I have seen many different discussions about coin grading from British and American publications. My key observation is this: the theory and practice of grading are not completely in alignment.
There is a human tendency for one to want his or her coin to be better. It is quite natural to assign a higher grade to your coin than to that belonging to Fred Bloggs. In my experience, to use numismatic terms, overgrading is common, proper grading is scarce and undergrading is very rare.
You may refer to just about any book in my bibliography to find the general definitions of coin grading. I am only interested in the simple categories. I leave MS-60, MS-61...MS-70 to those who have more time on their hands.
I am in the process of developing a large photograde database, starting with obverses. In the meantime, here is a sampling of grades and grading tips.
FDC - usually refers to a proof coin which has never been touched or come into contact with a hard surface. Perfect in every way, with full, blazing lustre.
1970 Penny, FDC
Gem Uncirculated - a virtually perfect coin, about FDC. Is virtually free of contact marks and has full lustre.
Choice Uncirculated - a practically perfect coin with some minor bag marks. Much lustre or good toning is required.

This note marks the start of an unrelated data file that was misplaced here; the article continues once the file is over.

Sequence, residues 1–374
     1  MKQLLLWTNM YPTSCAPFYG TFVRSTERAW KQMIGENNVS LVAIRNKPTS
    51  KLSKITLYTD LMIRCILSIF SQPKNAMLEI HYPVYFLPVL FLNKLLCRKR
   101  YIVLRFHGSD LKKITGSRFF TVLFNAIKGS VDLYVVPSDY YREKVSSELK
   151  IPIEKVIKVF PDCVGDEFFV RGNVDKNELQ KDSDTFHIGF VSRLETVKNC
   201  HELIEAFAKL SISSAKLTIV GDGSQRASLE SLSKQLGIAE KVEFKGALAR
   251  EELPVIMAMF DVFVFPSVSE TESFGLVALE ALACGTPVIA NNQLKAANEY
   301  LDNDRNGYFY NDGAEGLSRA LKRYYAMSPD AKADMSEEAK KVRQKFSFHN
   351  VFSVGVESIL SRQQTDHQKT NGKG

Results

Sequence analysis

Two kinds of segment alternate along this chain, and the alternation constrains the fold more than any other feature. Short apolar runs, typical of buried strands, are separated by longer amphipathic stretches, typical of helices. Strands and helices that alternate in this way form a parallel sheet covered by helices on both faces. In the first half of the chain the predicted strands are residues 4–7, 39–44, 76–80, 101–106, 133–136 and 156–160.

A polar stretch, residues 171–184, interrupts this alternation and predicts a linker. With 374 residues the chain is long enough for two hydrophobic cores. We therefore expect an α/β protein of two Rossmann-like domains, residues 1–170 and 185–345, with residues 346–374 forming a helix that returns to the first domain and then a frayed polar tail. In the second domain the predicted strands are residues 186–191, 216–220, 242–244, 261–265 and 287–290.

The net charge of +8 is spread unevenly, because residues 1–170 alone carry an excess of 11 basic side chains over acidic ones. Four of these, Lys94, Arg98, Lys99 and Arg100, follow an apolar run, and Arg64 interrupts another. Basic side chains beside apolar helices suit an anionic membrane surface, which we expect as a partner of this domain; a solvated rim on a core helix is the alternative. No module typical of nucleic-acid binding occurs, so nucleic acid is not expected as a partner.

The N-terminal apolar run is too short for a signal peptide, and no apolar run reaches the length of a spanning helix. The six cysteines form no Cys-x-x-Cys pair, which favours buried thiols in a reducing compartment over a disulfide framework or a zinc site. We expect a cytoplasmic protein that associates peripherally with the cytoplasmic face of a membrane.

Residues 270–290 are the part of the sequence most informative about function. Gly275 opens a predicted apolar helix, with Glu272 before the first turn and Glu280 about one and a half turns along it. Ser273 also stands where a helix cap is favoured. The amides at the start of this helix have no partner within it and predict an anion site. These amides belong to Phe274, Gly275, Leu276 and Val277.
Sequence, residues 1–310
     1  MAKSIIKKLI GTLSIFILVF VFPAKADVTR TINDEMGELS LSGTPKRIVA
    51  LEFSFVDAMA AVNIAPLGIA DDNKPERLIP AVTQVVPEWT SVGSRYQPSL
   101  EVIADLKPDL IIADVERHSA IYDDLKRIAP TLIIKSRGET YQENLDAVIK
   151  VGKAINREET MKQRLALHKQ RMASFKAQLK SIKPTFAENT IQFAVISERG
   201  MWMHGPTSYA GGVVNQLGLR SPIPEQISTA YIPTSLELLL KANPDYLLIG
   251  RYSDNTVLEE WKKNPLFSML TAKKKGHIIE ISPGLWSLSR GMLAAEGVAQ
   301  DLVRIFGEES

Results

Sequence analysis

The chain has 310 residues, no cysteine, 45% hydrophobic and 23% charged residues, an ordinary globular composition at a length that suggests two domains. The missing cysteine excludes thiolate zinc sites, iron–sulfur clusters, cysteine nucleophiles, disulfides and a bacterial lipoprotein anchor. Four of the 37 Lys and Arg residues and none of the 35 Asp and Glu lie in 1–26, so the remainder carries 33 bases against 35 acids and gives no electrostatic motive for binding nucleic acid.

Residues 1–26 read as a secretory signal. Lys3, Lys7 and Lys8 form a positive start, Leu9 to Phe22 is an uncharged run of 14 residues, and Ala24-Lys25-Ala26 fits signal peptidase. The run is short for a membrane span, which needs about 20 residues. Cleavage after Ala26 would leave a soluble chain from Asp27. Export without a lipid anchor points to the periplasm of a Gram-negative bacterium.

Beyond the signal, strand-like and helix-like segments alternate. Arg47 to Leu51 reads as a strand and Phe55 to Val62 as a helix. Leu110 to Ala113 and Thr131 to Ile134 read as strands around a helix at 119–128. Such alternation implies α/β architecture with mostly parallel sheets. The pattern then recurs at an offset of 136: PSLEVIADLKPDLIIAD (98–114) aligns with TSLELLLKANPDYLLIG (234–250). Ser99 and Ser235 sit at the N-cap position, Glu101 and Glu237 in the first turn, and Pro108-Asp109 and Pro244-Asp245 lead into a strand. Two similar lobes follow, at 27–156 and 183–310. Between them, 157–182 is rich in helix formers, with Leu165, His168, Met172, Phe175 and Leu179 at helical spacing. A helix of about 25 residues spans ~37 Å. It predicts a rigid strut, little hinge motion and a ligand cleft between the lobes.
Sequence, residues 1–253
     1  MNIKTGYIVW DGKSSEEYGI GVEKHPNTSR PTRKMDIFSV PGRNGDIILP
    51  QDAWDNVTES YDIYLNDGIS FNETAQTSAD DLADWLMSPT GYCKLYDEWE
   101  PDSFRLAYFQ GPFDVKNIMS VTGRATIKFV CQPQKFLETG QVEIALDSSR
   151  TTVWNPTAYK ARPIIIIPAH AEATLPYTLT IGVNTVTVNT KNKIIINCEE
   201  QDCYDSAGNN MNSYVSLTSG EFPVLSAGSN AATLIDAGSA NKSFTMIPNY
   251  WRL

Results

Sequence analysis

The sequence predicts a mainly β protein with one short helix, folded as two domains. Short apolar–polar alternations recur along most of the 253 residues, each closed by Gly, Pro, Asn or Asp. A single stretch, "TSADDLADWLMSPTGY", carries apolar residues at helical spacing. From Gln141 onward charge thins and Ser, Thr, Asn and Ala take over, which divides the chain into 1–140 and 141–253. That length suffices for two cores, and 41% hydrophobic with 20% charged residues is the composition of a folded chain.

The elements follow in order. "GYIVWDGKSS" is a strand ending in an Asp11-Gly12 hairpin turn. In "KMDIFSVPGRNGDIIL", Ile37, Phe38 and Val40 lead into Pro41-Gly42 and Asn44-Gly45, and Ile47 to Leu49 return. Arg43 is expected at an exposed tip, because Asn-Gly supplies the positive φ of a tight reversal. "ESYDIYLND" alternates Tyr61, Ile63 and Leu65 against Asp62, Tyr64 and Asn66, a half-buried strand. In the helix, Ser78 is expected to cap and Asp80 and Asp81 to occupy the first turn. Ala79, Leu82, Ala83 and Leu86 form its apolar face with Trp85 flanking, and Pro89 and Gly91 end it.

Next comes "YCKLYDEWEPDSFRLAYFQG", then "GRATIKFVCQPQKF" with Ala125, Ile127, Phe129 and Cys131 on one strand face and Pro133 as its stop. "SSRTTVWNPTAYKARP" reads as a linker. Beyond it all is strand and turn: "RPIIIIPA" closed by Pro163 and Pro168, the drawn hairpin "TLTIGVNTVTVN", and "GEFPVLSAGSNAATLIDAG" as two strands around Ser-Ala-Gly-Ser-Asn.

Uncirculated (UNC) - a coin with no wear whatsoever. There may be substantial bag marks. Lustre is not a requirement.
1902 Florin, UNC
About Uncirculated (AU) or good Extremely Fine (gEF) - one side of the coin may have no wear at all. There is only the slightest trace of wear at the highest points. Typically, photographs and scans will not show this high point wear, which is usually seen only under 10x-30x magnification.
Extremely Fine (EF or XF) - a trace of wear on the highest parts of the coin. May have much or even almost full lustre. "Shopworn" coins are frequently overgraded as UNC when in fact they should be assigned EF. Scans and photographs may flatter such coins and make them look higher grade than they actually are, such as in the example below, which is most assuredly EF.
Very Fine (VF) - some wear noted on the high parts but still very collectible. It is pretty easy to spot this grade from a picture or scan.
Fine (F) - substantial wear on high points, but some detail still noticeable, such as hair or crown. Collectible in most cases.
Fair/poor (Pr) - details completely worn; date legible, some lettering still readable. Not collectible unless a rare specimen is being considered. My favorite term for this grade is "junk."